How Savvy Law Firms Surface New Opportunities and Provide Better Service Using Client Satisfaction Surveys
Shrewd law firms leverage client satisfaction surveys both to create a conduit for new business and establish a backstop to prevent churn. Although many firms view the value that these surveys deliver with a healthy dose of skepticism, access to timely feedback from clients — while the window of opportunity to take action is still open — can be invaluable. When firms clear the resistance hurdle and decide to take advantage of client satisfaction surveys, they unlock not only the opportunity to evolve their services to align more tightly with client needs, but also the ability to seize opportunities to expand matters that would have otherwise gone undetected without the surveys.
Securing Buy-in from Firm Stakeholders
It’s no secret that the legal industry is generally risk adverse and resistant to change. These factors sit at the crux of why it can be so challenging to achieve partner consensus and buy-in for administering a client satisfaction survey. In my experience, partners default to a negative perception of these surveys because they are afraid of what might surface. They rationalize that clients don’t like to be bothered with surveys, and question the value and efficacy of the data collected. Put simply, many would rather not know what they don’t know. The truth is that most firms that administer client satisfaction surveys end up pleasantly surprised — they learn that their clients are happy and have unsurfaced needs that provide the opportunity for additional work for the firm.
Soliciting feedback from corporate legal departments
At an event I attended last year, there was the usual panel of inside corporate legal department representatives discussing their frustrations with their outside counsel. Having sat in on many similar panels over the years, what struck me about this particular panel was how eager the insiders were for the outsiders to solicit their opinions. To be clear, the panel was not lamenting service deficiencies — in fact, quite the opposite. The insiders wanted to share their ideas and feedback with outside counsel in an effort to help their firms succeed. My key takeaway was that there was a missed opportunity with respect to creating a formalized communication channel — via client satisfaction surveys — between inside legal teams and outside counsel.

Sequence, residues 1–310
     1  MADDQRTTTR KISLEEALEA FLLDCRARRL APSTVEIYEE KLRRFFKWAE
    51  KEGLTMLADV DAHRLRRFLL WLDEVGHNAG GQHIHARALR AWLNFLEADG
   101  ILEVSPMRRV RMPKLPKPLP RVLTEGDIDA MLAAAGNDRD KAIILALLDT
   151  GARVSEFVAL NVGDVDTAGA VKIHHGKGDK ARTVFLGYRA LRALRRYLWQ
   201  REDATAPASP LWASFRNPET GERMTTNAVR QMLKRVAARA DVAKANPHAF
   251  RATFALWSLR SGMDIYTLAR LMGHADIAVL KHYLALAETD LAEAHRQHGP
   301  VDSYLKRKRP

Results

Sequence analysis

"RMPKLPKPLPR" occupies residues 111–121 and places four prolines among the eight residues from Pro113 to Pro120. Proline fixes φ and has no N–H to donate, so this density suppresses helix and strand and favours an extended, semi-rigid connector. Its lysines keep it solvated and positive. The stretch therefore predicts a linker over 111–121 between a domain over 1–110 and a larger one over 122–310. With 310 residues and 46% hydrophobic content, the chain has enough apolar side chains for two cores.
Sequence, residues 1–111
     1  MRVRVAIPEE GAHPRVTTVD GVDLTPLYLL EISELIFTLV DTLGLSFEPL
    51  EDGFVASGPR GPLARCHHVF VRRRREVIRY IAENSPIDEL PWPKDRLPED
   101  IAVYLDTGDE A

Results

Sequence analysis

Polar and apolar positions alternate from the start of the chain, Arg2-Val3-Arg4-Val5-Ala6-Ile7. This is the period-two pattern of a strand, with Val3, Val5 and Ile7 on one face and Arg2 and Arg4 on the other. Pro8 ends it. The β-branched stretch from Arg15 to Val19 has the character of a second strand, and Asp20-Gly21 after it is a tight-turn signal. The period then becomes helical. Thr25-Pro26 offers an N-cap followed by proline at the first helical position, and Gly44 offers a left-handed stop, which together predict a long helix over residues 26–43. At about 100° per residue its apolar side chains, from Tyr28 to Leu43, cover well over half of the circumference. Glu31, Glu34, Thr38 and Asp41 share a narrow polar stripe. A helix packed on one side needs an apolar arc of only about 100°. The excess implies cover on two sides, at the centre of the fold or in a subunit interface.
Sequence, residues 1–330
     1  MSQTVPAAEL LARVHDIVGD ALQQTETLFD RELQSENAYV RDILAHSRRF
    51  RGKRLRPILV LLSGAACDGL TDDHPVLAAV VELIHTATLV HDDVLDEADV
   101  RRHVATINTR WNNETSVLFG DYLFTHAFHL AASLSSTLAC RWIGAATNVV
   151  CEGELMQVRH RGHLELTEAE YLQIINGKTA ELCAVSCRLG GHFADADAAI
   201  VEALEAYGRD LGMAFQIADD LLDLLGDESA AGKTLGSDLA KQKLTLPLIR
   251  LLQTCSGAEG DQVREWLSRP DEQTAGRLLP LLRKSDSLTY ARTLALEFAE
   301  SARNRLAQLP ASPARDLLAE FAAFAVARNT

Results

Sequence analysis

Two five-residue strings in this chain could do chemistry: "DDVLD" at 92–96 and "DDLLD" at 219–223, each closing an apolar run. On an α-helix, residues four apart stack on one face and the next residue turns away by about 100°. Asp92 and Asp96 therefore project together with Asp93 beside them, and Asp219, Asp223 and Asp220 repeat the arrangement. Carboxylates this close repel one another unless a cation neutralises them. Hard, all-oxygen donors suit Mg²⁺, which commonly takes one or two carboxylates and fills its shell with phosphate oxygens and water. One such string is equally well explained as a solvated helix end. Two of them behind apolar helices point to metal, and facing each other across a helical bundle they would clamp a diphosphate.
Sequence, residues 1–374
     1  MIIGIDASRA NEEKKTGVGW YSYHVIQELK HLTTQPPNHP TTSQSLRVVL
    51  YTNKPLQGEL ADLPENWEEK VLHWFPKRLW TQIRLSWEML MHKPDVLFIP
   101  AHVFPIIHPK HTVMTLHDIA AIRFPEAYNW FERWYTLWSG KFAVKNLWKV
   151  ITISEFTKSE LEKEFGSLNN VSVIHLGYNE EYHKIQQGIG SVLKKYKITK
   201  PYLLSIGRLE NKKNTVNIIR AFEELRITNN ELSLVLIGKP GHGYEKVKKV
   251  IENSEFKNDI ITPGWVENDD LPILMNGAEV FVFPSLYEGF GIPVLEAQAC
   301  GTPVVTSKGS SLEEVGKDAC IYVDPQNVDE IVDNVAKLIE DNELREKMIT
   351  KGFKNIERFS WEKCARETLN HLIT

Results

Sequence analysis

Unlocking the value of customer satisfaction surveys
I recently had a conversation with the CMO of a leading U.S. firm about the value of client satisfaction surveys, and her take was resoundingly positive. In fact, she said that nine times out of ten, client satisfaction surveys identify opportunities for additional work. It makes sense that these surveys are so effective from a business development perspective. When the survey administrator is perceived as neutral and nonthreatening — meaning that this individual is not trying to squeeze more business out of survey takers — clients feel free to offer forthright and honest information because they don’t feel pressured. Surveys are also excellent vehicles to capture insight into client service gaps that don’t get surfaced directly to outside counsel matter teams, either because the client is reluctant to rock the boat with people they work with closely, or because advice on areas for improvement remained dormant until directly solicited.
Staying ahead of client attrition
Client experience data — especially wrapped around other key data points captured in CRM and finance systems — helps firms better understand client churn risk. In my observation, most firms really struggle to get ahead of client attrition. The gap, in this case, ultimately comes down to the technology in place — or, more likely, the lack thereof. Firms that use point solutions for these functions are flying blind because they can’t correlate attrition risk factors housed in separate systems that don’t share data. With the right integrated platform, firms are able to connect the dots to identify at-risk clients and implement remediation measures while the opportunity to positively impact client retention remains.
Getting started with client satisfaction surveys
When initiating a client satisfaction survey program, start with a small pilot. Remember that this is a selling exercise; select target clients handled by partners who are open to the idea, to ensure that there is a receptive audience for your message. Although partners should have visibility into survey data, it must also be secure. As part of the selling motion, it’s critical to instill confidence that the partners are in control of their own data. They should be able to lock down their personal information, providing an important safeguard for protecting their personal brand. As part of the exercise, demonstrate the connection between client feedback and the identification of incremental business opportunities. Use your CRM to associate activities to feedback, and report on outcomes. Finally, present findings — both positive and negative — to the firm partnership on a regular basis.